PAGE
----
Justice Judith McConnell’s legal and judicial career in San Diego began in 1969 after graduating from the UC Berkeley Boalt Hall School of Law. She was one of the twenty four women lawyers in San Diego County in 1970. At this time, San Diego was open to possibility as it was the focus in ratifying the Equal Rights Amendment. Recognizing this possibility, in 1972 Justice McConnell, through her strength and dedication to women and her profession, became the first president and co-founder, along with the Honorable Lynn Schenk, of the new Bar Association Lawyers Club of San Diego. The Association strives to address issues of gender discrimination in the profession, in the law, and in the community.
Justice McConnell continued to rise to the challenges facing women lawyers and judges. In private practice she served as trial Attorney with Cal Trans. In 1978 Governor Jerry Brown appointed her to the San Diego Municipal Court. In 1980 she was elected as the first woman to preside over the Superior Court. In August 2001, Governor Gray Davis appointed her to the Fourth District Court of Appeal for the State of California. She was twice elected Presiding Judge of the Juvenile Court and Supervising Judge of the Family, Appellate, and Civil Law and Motion Departments. She has been a member of the Blue Ribbon Task Force on Jury System Improvement, the Commission on the Future of the Courts, and the Advisory Committee on Gender Bias in the Courts.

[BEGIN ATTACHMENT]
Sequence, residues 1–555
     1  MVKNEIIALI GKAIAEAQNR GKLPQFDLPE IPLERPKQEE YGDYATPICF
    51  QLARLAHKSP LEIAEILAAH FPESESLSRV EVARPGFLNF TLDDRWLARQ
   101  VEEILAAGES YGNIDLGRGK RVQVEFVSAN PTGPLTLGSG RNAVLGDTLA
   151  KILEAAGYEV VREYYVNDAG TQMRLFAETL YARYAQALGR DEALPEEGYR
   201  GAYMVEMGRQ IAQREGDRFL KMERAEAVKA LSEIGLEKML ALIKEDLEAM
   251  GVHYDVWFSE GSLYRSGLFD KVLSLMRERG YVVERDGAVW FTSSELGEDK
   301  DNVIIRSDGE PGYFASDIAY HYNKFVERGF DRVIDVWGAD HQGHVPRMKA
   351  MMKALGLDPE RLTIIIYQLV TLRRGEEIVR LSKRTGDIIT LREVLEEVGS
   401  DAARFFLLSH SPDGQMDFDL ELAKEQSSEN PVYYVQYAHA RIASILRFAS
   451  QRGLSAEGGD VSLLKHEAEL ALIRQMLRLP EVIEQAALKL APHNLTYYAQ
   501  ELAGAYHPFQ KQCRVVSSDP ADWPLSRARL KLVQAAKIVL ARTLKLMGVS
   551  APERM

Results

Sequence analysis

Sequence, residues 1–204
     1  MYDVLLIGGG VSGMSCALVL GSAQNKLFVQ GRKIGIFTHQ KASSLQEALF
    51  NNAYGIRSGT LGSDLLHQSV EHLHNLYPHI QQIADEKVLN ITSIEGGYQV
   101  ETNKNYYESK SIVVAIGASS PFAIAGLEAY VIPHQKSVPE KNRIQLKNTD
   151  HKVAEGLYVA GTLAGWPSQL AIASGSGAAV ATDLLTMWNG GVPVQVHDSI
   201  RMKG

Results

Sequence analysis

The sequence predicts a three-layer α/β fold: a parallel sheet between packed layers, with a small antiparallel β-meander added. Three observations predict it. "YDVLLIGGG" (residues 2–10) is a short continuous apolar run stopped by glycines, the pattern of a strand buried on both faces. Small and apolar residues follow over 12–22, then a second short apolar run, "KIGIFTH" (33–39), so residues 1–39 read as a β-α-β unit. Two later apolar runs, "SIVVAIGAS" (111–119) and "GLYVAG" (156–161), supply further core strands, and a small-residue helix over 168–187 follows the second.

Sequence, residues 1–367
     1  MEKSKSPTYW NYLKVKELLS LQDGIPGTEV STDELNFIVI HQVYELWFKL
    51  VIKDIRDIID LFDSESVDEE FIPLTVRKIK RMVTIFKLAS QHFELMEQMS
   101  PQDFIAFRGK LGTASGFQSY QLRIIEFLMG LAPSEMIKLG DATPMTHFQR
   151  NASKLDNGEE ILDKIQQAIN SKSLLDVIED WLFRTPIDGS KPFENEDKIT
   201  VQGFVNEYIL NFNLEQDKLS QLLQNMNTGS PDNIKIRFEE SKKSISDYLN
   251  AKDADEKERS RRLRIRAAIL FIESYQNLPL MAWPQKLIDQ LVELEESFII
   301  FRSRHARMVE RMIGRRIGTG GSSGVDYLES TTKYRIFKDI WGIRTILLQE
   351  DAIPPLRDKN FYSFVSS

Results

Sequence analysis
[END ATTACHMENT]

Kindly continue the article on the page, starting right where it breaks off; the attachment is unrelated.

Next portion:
"I am very proud of the strides we have made but I realize that Lawyers Club, now in its second generation, is as relevant as it was in 1972" says Justice McConnell. "It remains difficult for women to work, be mothers and feel good about the jobs they do. It is still more difficult for women to become full partners in private law firms and rise to the top government offices. I look forward to the day when women no longer need Lawyers Club but remain involved and active to assure continued equality."
Justice McConnell has worked to improve the court system through easier public access and case management. She is a teacher, mentor and staunch vocal advocate for equality and the advancement of women in the law.